Avoiding Viruses on Mac – What You Need to Know

One of the most attractive selling points of macOS is that it is immune to computer viruses. In fact, ask most Mac users and they’ll tell you that there’s no need to protect your machine against viruses because they just don’t get them. No need to be concerned about where you do your online shopping, or which ecoPayz casino you visit – as a Mac user, your computer will always be safe.

If that were entirely true, then there would be no need for this article. However, no system is perfect, and the reality is that a Mac can also be infected with malware. Sure, Windows systems may be more susceptible, but macOS has its weaknesses. Luckily, it’s fairly simple to protect your Mac against malicious software, even without installing a dedicated anti-virus program.

    • Virus or Malware?

Before we go on, a quick side note about the difference between viruses and malware. The term virus is used as a catch-all in common parlance, for anything that infects a computer and affects the way it functions.

In fact, a virus is just one type of malware. Other kinds include adware, trojans, and spyware. These can affect your Mac in different ways, and in some cases you may not even notice – for example, spyware could be collecting your data without you ever knowing.

Some signs to look out for are pop-up ads, a slow-running system, or software installed that you don’t remember adding. However, it can be possible for malware to go undetected. So, what steps do you need to take to protect your Mac?

    • 1. Restart regularly

Tempting though it may be just to leave your Mac in standby mode, shutting down and restarting will eliminate many types of known malware.

    • 2. Update

This is usually an automatic process, but you can also check manually for software updates if you suspect anything may be awry. Look in System Preferences from the Apple menu.

    • 3. Beware of links and attachments in emails

Phishing remains one of the most common ways for fraudsters to break into a system and gain access to sensitive information. Phishing scammers often do this by duping users to click on a link or open an attachment in an email claiming to be from a legitimate source. Never do this if you have even the slightest doubt about the origin of an email.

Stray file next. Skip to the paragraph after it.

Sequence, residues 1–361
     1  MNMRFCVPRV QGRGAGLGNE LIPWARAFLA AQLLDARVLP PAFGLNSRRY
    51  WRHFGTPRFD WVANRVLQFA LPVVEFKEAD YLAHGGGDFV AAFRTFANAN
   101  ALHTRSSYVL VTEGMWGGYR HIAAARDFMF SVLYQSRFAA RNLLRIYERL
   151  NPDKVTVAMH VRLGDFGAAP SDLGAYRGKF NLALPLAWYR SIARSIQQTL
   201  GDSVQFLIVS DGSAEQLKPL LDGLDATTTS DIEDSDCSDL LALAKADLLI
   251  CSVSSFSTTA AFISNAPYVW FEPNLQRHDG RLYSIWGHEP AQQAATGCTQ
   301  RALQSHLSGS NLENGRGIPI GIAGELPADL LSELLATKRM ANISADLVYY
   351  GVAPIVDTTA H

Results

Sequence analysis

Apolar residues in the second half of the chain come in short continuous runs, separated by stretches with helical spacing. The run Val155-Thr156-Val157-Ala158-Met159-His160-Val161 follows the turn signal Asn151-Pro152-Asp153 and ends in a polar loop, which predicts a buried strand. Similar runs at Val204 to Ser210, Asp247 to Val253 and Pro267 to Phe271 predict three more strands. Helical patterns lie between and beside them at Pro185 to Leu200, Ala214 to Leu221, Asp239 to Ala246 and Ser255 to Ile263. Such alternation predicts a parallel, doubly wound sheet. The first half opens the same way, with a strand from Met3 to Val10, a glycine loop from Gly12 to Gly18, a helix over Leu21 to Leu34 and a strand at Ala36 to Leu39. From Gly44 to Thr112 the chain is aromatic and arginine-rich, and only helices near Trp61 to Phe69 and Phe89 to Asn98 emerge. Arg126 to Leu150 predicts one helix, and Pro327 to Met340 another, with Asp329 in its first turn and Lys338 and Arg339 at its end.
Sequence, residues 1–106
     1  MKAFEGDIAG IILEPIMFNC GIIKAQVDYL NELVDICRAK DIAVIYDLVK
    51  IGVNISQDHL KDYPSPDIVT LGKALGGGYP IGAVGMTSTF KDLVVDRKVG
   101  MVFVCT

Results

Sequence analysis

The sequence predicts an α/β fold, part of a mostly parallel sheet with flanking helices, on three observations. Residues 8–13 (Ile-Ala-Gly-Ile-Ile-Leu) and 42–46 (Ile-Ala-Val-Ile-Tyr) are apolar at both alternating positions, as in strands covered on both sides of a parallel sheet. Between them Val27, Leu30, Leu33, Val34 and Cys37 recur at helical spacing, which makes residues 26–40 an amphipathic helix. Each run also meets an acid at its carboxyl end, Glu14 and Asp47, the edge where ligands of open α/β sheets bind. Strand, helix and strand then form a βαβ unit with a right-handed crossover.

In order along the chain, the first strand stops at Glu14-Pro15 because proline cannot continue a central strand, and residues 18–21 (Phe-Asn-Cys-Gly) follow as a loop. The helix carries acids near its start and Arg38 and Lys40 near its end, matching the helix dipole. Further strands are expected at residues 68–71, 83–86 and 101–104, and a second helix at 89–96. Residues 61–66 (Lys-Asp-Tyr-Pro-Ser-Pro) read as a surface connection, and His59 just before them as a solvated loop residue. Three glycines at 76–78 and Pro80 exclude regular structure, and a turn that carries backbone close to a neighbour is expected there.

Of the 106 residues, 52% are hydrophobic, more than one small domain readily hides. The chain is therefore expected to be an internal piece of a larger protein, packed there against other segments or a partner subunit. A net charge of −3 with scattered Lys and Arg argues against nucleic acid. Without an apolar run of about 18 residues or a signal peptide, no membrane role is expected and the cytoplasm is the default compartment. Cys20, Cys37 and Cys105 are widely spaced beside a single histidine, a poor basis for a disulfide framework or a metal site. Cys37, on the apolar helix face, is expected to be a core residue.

• 4. Use the inbuilt security features

Mac has several security features that can be activated in order to maximise security. These include the firewall, also found in System Preferences under Security, Safari’s popup blocker and an option to receive a warning when visiting a potentially harmful website.

    • 5. Use a VPN on public networks

Public WiFi networks aren’t secure like your home network. A VPN (virtual private network) gives you security wherever you are, and your data is encrypted.

    1. 6. Disable repeat offenders

Some software is more trouble than it’s worth. In the past, both Java and Flash have been targeted by hackers who have created fake installers to install malware. Many online security experts class both as an unnecessary risk, so uninstall them if they are on your system. In any case, Flash is now obsolete and scheduled to be discontinued.

    • 7. Do regular backups

If you back up your system from time to time, then you always have a version to go back to should something devastating happen to your system. Another option is to return to a restore point before the malware infected your machine. In both cases, you will lose any changes made to the system in the intervening time.

Generally speaking, there is very little risk of malware causing serious damage to your macOS, as it is very well defended against such harmful software. With a bit of vigilance, and by following the advice given here, you can reduce the risk to practically zero.